Customer Review

Reviewed in the United States on June 15, 2021
A Bridge In Babylon: Stories of a Military Chaplain in Iraq by Owen Chandler is a war story, but it’s unlike any war story I’ve ever read. Of course, the fact that I’m not a fan of war stories may have something to do with that. That being said, I found this a fascinating read. Chandler was the minister of our church in Tucson, Arizona, when he received orders that he was to deploy in his position as a reserve chaplain to the Middle East. Notification arrived just before Thanksgiving, and he was to depart Tucson in early January.
One might assume that a chaplain would write confidently about their decisions and their relationships. After all, they are led and directed by God. Chandler, however, lets us in on the fact that he is human with questions about what will happen to those he leaves behind, especially his wife and three young children. He questions his ability to meet the needs of the troops but also assures himself that he was selected for this mission and so there must be confidence in his abilities. He is frank about the lack of human touch --- even handshakes and pats on the shoulder --- in the military and ponders the reason and outcomes of such behavior. Chandler doesn’t shy away from discussing the more basic needs of human touch and discusses celibacy during deployment at two points in his book.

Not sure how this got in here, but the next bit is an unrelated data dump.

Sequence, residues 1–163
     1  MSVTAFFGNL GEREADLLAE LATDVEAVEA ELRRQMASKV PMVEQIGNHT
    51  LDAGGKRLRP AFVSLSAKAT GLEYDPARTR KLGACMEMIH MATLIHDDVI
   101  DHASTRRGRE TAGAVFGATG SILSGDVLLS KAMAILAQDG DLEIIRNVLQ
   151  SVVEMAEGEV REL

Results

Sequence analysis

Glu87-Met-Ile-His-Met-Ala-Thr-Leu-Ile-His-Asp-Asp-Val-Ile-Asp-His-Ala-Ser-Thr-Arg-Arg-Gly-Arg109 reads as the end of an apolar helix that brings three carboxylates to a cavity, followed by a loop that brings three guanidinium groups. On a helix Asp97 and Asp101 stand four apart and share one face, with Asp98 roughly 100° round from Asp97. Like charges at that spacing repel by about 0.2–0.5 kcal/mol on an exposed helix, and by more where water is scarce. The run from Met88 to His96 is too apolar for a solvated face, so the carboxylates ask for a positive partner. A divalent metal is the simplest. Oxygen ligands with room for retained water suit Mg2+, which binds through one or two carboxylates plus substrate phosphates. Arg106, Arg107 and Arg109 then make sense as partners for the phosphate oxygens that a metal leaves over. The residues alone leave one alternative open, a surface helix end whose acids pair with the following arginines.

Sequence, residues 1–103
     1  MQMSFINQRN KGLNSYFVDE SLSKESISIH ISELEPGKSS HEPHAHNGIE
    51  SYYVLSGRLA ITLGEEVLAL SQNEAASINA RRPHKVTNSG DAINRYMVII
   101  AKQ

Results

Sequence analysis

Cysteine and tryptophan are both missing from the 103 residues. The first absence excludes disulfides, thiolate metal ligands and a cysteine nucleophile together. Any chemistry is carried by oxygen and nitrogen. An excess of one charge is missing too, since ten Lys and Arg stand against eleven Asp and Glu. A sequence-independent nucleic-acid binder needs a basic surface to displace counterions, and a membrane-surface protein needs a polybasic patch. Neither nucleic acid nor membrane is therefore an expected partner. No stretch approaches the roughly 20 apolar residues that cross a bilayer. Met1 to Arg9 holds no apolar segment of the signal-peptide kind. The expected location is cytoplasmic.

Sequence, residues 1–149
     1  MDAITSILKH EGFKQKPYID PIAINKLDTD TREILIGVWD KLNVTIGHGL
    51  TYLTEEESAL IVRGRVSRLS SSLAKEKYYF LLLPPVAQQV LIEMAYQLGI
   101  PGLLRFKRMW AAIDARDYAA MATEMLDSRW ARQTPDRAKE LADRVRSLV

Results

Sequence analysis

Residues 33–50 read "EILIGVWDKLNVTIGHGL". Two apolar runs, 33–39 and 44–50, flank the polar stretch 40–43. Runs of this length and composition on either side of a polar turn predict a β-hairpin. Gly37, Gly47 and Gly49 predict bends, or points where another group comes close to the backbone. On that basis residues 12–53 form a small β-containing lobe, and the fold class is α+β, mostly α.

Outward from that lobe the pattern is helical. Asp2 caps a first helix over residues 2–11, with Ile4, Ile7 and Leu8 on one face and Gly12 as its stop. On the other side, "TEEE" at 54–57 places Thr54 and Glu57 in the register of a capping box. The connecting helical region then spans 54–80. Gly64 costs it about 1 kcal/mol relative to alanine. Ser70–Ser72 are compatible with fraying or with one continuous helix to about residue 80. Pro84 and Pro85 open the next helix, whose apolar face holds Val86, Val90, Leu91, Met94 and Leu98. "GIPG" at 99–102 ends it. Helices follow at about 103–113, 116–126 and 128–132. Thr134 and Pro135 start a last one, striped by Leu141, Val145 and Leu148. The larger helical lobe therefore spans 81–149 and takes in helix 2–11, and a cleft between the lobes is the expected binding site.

There is an overriding sense of commitment to those with whom he served that pervades the book and a looming questions about how the United States can better prepare for deployment and return to civilian life of our military people, especially considering the lengthy warring engagements to which our government commits our forces.
This should be read by many to understand more of life behind the headlines.
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